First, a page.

The Bruins are up against their crosstown rivals in their first match of the season.
No. 19 UCLA women’s volleyball (7-1) will face USC (4-5) on Wednesday at Pauley Pavilion, marking the start of the Pac-12’s interconference schedule, with each team playing 20 conference matches the remainder of the season.
The Bruins finished their nonconference play with a hitting percentage of .266 and a 7-1 record, with their lone loss being to No. 25 San Diego on Sept. 9 at Jenny Craig Pavilion. In comparison, the Trojans are hitting at .243 and hold a 4-5 record, having also lost to the Toreros on Sept. 17 at home.
Freshman outside/opposite hitter Charitie Luper – who has yet to play against USC in her collegiate career – said she has been waiting for this moment.
“This is what I dreamed of, and my dream is coming true,” Luper said. “I’m just going to go out there, have a bunch of confidence and play together with my team.”
The Trojan’s top hitter, outside hitter Brooke Botkin, is clocking in an average of 4.09 kills per set. On the other hand, graduate student outside/opposite hitter Mac May paces the Bruins with 4.31 kills per set, with Luper just behind with 3.05 kills per set.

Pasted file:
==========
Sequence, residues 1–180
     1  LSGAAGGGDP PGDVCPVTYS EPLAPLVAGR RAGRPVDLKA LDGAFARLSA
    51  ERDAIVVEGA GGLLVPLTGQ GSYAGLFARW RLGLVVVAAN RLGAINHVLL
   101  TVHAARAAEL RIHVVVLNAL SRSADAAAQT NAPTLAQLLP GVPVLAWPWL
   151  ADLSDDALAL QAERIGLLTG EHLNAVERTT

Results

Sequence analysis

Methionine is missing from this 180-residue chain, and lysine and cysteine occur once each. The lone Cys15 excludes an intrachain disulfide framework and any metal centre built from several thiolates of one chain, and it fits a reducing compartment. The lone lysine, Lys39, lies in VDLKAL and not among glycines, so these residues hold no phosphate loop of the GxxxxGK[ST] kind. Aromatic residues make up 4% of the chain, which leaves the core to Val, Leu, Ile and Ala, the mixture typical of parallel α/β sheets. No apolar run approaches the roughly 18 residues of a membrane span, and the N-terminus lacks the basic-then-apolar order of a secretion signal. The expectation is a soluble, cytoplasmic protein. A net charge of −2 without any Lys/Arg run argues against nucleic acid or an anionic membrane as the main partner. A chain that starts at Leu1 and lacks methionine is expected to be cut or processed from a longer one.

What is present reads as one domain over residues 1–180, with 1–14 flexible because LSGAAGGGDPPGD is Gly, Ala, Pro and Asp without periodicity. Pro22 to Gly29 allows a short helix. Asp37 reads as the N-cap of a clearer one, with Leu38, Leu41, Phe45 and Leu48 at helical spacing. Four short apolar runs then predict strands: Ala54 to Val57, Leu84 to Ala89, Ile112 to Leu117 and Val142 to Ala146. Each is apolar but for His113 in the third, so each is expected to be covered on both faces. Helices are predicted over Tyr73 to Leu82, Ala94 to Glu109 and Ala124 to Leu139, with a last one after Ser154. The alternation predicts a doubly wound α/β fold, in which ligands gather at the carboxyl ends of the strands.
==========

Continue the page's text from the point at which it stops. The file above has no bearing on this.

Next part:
But coach Michael Sealy said scouting USC is not as easy as understanding hitters’ tendencies.
“Their hitters have tendencies, but they’re good enough players to change their tendencies,” Sealy said. “We need to start by taking away what they want to do, and be able to adjust as they adjust.”
UCLA split its doubleheader matches against USC last season. In the second meeting, the Trojans won the final match – a five-setter with a 15-11 final-set score.
Over the summer, UCLA signed four new players, while former blue and gold Bruin middle blocker Sabrina Smith transferred to USC as a graduate student, utilizing her extra year of eligibility due to the pandemic.
“In a way, it’s going to be like a true rivalry game,” said redshirt senior middle blocker Emily Ryan. “You have someone who we love dearly across the net.”
The Bruin-Trojan rivalry will attract fans to the stands in Pauley Pavilion for the first time in almost two years. This season, UCLA has been on the road since its first match against UC Davis on Aug. 29th, a match that did not feature a large Bruin crowd in attendance compared to a game at home.
“We thrive off our crowd,” Luper said. “Even if away teams are heckling at us. We thrive off of that, so we love it.”
Sealy, on the other hand, said he views the crowd as a disadvantage.
“Now that campus is full, there’s more people, now there’s friends and there’s family, so the tendency is people try to do more,” Sealy said. “A rivalry game is for people outside the bubble. They can talk all they want about it, for us it’s volleyball.”
A rivalry game or not, the Bruins’ record and performance will impact UCLA’s chances of obtaining one of the 48 spots at the final NCAA tournament, where 32 spots are given to conference champions and 16 are bidded away.
“A game’s a game,” Ryan said. “Sealy always says it’s just shirts on the other side.”